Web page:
Though my life has been very preoccupied with research for my senior honors thesis, I have yet to blog about it. WOOPS! In the following post, I'm just going to talk a bit about what my research looks like, what I actually spend my hours doing, and weigh some thoughts about. *In the process of writing this I realized probably no one is interested in the procedural workings of archival research. So I don't actually say that much about procedure. You're welcome, haha!
The first batch of archival research I conducted was at Stanford University's Hoover Institution Archives. I worked with documents from the 1920's and 30's: (handwritten) student essays, personal correspondence, official government documents, saved newspaper clippings, transcripts of conversations - you name it. This is a picture of the Hoover Tower @ Stanford - I worked beside and below the tower. Unfortunately no pictures of the archive reading area, but it's not that exciting. Just a bunch of people sitting around tables with lots of old documents and getting reprimanded by the Archivists for not following rules about handling documents!
A few months ago I got an undergraduate research scholarship to come to Columbia to start work in another set of archives on Robert College. I've included some better pictures of Columbia....
Butler Library, where the Rare Book and Manuscript Library is located. Butler is one of the main college libraries, so it is familiar to most of everyone that goes to Columbia. Didn't seem that many undergrads visited the 6th floor, however, which is full of reading rooms and of course, the archives!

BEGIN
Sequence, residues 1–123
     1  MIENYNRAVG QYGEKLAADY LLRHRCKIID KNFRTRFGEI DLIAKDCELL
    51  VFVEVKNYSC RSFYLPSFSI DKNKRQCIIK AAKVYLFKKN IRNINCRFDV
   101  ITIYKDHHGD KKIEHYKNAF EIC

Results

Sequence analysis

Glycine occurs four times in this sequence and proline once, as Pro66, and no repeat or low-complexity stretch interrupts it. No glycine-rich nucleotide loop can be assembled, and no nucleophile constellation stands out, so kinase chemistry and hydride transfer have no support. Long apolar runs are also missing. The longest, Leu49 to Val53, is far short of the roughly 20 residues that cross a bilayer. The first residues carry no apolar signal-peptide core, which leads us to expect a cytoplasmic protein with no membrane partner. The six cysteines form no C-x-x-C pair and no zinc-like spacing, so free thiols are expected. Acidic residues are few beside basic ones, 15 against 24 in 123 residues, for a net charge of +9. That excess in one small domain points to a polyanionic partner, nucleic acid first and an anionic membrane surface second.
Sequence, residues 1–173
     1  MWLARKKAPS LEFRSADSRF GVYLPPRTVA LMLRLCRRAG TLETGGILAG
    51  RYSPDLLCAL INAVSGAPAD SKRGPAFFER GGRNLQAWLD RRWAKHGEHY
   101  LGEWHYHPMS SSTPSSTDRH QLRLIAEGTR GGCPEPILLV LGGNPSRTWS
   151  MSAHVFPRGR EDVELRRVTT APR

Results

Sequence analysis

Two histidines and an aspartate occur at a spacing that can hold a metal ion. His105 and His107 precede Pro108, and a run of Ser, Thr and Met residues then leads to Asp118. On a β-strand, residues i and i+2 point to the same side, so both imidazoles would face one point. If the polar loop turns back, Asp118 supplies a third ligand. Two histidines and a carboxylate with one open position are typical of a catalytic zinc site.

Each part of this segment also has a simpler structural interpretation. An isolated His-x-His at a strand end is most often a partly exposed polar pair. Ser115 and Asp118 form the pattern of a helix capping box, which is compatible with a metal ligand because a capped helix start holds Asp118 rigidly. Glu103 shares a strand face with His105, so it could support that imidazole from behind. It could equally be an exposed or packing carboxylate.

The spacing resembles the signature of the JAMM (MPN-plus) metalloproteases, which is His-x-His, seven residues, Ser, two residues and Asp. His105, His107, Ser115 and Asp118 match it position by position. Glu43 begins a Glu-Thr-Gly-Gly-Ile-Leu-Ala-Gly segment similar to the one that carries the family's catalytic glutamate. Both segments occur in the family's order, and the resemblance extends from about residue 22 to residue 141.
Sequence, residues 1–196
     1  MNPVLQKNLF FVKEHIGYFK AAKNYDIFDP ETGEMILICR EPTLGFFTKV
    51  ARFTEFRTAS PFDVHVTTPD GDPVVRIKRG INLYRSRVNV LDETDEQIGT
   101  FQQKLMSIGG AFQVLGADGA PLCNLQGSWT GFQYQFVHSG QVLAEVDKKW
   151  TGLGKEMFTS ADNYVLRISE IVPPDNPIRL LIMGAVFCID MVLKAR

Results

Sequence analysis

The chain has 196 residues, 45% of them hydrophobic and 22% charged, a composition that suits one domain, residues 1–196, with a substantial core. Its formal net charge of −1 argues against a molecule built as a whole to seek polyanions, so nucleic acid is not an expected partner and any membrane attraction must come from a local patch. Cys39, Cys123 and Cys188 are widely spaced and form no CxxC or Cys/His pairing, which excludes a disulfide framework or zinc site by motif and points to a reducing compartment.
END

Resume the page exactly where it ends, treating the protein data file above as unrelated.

Terrible state of affairs with some of the documents. As you can see, it looks like absolute chicken scratch. I took a looksie at these and panicked for a good half hour that there would simply be no way of deciphering the writing. But luckily, as we move away from 1860, the paper, ink, and script gets much better. Today I got to typed documents, woot woot!
The Archival Reading Room: A bunch of desks like this, surrounded by an interesting assortment of people also conducting research. I am always so curious about what other people are reading, but it doesn't seem to be in etiquette to have conversations with other researchers.
The coolest thing about historical archival research is that it brings you to cool places (ex/ I am in new york). In my next blog I will write about actually fun things I have done in the city, besides reading obscure documents. For now, the view from my room in the Upper West Side (graciously provided by Rah and Edwin!)